What is a UV Tattoo?

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  • Written By: Mary McMahon
  • Edited By: Bronwyn Harris
  • Last Modified Date: 03 September 2019
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A UV or blacklight tattoo is a tattoo which uses special inks designed to show up only under a blacklight. As a result, for much of the time, the tattoo is invisible, with the ink creating a radiant glowing design when the wearer walks into an area with a blacklight. The popularity of UV tattoos exploded in the late 1990s, especially among 18-30 year olds in the clubbing subculture. Not all tattoo artists offer blacklight tattooing; anyone interested in such a tattoo may have to do some research to find a studio which will perform the work.

One of the main advantages of a UV tattoo is that it allows someone to get a tattoo which will not be visible in most casual, daily interactions. This appeals to many people in the corporate world, where tattoos are not widely considered to be acceptable. It is possible to get a UV tattoo on the face or hands, for example, areas where tattoos would normally attract a great deal of negative attention. Several ink manufacturers also make UV tattoo ink in a number of colors, allowing people to create complex, colored patterns instead of tattoos which just show up as white or blue.


The application process for a blacklight tattoo is a bit more lengthy than that used for a normal tattoo, because the artist will have to periodically turn off the lights and check on the progress of the tattoo with a blacklight. UV inks are also somewhat thinner than normal tattoo inks, making them more difficult to handle, and they are more expensive, causing UV tattoos to be generally more expensive than conventional tattoos.

People who are thinking about getting a blacklight tattoo should talk to an experienced artist who is familiar with this form of tattooing. The artist can provide advice on designs which will work well in the medium of UV ink, and he or she can provide suggestions about placement of the UV tattoo as well. As always, clients should ask to see a portfolio of previous tattoos before making an appointment, to get an idea of the quality of the artist's work and the styles at which he or she excels.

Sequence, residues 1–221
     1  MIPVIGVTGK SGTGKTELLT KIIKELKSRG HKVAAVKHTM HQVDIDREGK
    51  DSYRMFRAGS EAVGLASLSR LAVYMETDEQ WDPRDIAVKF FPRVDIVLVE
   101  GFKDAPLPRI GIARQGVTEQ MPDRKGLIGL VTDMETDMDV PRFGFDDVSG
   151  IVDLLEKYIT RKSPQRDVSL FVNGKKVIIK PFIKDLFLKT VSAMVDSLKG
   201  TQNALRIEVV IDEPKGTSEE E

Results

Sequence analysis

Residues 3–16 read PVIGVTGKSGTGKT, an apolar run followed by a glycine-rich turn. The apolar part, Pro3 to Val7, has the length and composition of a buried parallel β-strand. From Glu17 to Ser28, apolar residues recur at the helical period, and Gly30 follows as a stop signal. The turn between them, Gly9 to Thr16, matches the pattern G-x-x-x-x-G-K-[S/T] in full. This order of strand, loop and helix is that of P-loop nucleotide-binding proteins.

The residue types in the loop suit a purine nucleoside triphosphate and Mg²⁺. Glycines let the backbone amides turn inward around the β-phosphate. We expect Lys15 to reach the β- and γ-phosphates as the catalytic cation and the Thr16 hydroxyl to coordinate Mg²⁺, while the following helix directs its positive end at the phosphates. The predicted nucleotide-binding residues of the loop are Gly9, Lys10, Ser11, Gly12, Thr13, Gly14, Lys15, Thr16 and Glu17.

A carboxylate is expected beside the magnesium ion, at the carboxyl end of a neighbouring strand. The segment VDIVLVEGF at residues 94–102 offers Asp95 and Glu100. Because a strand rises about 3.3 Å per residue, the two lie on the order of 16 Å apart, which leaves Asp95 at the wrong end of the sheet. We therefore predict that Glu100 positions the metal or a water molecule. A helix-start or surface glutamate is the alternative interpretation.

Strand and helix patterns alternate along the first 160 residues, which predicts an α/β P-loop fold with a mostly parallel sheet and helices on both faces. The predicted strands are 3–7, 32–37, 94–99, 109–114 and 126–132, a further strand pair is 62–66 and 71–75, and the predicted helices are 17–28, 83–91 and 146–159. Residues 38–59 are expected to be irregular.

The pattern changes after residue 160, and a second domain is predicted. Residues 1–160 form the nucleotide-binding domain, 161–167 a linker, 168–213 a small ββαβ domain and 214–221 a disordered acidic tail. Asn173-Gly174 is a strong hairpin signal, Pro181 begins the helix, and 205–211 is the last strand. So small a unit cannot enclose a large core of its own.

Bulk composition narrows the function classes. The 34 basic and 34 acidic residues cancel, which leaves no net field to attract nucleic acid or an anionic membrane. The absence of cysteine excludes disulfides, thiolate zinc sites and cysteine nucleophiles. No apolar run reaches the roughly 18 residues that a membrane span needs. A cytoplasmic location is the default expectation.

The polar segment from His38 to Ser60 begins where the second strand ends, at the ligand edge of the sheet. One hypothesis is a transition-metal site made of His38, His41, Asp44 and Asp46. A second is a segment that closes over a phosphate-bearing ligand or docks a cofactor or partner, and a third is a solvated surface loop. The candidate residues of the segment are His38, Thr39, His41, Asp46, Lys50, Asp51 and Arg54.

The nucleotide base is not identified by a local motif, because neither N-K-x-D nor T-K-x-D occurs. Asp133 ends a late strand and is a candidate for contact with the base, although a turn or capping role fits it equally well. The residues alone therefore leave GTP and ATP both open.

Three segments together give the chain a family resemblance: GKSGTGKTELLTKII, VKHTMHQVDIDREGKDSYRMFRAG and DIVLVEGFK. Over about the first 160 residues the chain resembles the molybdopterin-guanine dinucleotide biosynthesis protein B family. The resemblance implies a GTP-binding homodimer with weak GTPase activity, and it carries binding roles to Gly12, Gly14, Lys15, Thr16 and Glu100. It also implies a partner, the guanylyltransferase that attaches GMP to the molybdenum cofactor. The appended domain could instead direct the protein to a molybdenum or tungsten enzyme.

There are some problems with UV tattoos. Many tattoo artists are concerned about the safety of the inks, as not all blacklight sensitive inks are safe to use for tattooing, and these artists are concerned about allergic reactions or potentially carcinogenic inks. As a result, some have pushed for tighter regulation of tattoo inks to ensure the safety of clients and artists alike. In addition, some blacklight tattoos may fade to unsightly brown or gray colors which become visible in regular light and look unpleasant, defeating the goal of having a tattoo which is invisible in normal lighting conditions. Anyone considering a UV tattoo should be aware that the tattoo will take between a year and 18 months to fade completely in normal light once it has been applied.


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Post 4

Caluwi, I think that you have a great idea! A regular tattoo would really be taken to another level, artistically, if it was enhanced with UV ink. I feel that it would be a great piece of art to have with you for the rest of your life.

Have you heard of anyone that had done this before? My only concern would be getting touch up work completed, due to the nature of the UV ink yellowing over time and being very thin when applied to the skin.

Post 3

UV tattoos appear to be a great way for professionals to still maintain an edge, by the ability to get a tattoo that is not visible unless in the presence a black light.

However, I wonder about the risks associated with a tattoo done with UV ink. When doing a little research into the subject, I found that there are risks but not any more then with a regular tattoo. That is reassuring but continues to make a person really put careful consideration into their final decision.

Post 2

I can't imagine getting a UV tattoo on its own, to be invisible, but I can imagine getting a regular tattoo into which UV ink was incorporated. It would be amazing to be able to see it under a black light!

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